# What are Sylvester-Gallai configurations in the complex projective plane?

A Sylvester-Gallai configuration in the the complex projective plane is a finite number of $n\ge 2$ points in the complex projective plane such that there is no line through exactly two of them. Trivial examples are obtained by taking $n\ge 3$ points on the same line. There is also the classical Hessian configuration, obtained by taking the nine inflexion points of a smooth cubic.

Question. Is there any other example? Is there a way to classify these examples? I would be particularly interested in finding a non-collinear example with an even number of points. Does it exist?

Remark: In higher dimension, it is known that the configuration of points has to be coplanar. If the points have coordinates defined over $\mathbb{R}$, the Sylvester-Gallai theorem shows that any configuration as above is in fact collinear. Over finite fields one can of course find plenty of configurations by taking all points.

• There might be useful information in Hirzebruch's "Algebraische Flachen und Geradenkonfigurationen". – inkspot Feb 20 '17 at 8:07

Yes, there are other Sylvester-Gallai configurations in $\mathbb{P}^2(\mathbb{C})$. Apart from the Hesse configuration (that contains $9$ points) the minimum number of points for a non-collinear configuration is $12$.

A configuration with $12$ points actually exists over any field $\mathbb{K}$ of characteristic different from $2$ and containing a square root of $-1$, as proven by Kelly and Nwankpa.

See the answers to the MathOverflow question The Sylvester-Gallai theorem over $p$-adic fields for references and more details.

• Is this 12-point configuration just the dual of the Hesse configuration? – potentially dense Feb 20 '17 at 13:54
• No. The dual of the Hesse configuration has $9$ lines, whereas the Sylvester-Gallai configuration of cardinality $12$ (which over $\mathbb{C}$ is the dual of the so-called Ceva configuration) has $16$ lines. See this paper by Dolgachev, Section 5: arxiv.org/abs/math/0304258 – Francesco Polizzi Feb 20 '17 at 14:57
• OK, thanks for the extra infomation! – potentially dense Feb 20 '17 at 15:24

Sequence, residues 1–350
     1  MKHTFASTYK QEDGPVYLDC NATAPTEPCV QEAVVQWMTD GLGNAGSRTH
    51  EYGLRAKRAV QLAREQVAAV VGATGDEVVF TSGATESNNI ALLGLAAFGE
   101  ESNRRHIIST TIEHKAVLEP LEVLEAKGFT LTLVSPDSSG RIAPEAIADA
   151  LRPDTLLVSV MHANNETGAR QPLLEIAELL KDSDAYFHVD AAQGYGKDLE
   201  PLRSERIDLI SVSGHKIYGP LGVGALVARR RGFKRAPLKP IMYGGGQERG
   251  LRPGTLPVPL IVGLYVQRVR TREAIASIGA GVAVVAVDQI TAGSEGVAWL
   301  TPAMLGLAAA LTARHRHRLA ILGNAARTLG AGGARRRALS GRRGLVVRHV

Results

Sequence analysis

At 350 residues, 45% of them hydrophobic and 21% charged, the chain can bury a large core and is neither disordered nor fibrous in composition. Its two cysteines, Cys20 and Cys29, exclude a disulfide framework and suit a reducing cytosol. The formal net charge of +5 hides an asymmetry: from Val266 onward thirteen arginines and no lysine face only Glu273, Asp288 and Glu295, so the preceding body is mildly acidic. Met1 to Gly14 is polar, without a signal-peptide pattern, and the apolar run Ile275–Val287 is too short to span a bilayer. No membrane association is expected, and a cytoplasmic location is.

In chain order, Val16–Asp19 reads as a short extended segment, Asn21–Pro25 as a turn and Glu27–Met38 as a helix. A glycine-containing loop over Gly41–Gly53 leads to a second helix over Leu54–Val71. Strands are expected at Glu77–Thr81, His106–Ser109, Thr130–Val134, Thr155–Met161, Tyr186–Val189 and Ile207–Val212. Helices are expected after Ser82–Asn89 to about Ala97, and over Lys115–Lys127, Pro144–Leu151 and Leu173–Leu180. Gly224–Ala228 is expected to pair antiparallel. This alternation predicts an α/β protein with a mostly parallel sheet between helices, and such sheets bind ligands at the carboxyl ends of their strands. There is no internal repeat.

• I'm confused about something. Are you sure that the Sylvester-Gallai configuration of cardinality 12 has 16 lines and not 19? Unless I'm misreading the Kelly-Nwankpa paper it seems that their two configurations of cardinality 12 both have 19 lines. – Timothy Chow Feb 22 '17 at 5:02
• @Timoty Chow. You are right. We must also add to the $4^2=16$ points of the Ceva configuration the three coordinate vertices, obtaining a configuration with $19$ points and $12$ lines. The dual of this configuration is a Sylvester-Gallai configuration with $12$ points and $19$ lines. Thanks for the remark. – Francesco Polizzi Feb 22 '17 at 9:17

I asked around about this question a while ago and the best answer I got was from Konrad Swanepoel. There are the well-known "Fermat" examples

$$(x^n - y^n)(y^n - z^n)(z^n - x^n) = 0, \qquad n \ge 3.$$

The $3n$ lines here, together with the $n^2$ points of intersection and the 3 coordinate vertices, form a dual Sylvester–Gallai configuration. So these give rise to a Sylvester–Gallai configuration with $3n$ points and $n^2+3$ lines. If you want an even number of points, just take $n$ to be even.

There are only two other ("sporadic") examples known, one due to Klein and one due to Wiman, which are described for example in this paper. They have 21 and 45 points respectively so they don't give you what you want.

According to Swanepoel the complete classification is still an open problem, but he believes that there are at most finitely many more sporadic examples.

In 1973, Kelly and Nwankpa classified all Sylvester–Gallai designs (a more general concept than configurations) with at most 14 points. Swanepoel warned me that there are some errors in this paper, but if we take its results at face value then it shows that there are no other complex Sylvester–Gallai configurations this small. It should be possible to extend the computational search beyond 14 points but nobody seems have done so (or at least has not published the results). By considering complex reflection groups, a colleague of mine has performed an unpublished computation that, if correct, shows that there are no other examples with reflective symmetry in every line.

• I don't fully understand the "Fermat" example: do you mean the line configuration given by this equation? – Victor Protsak Feb 21 '17 at 15:04
• @VictorProtsak : I have edited my answer to clarify. – Timothy Chow Feb 22 '17 at 5:08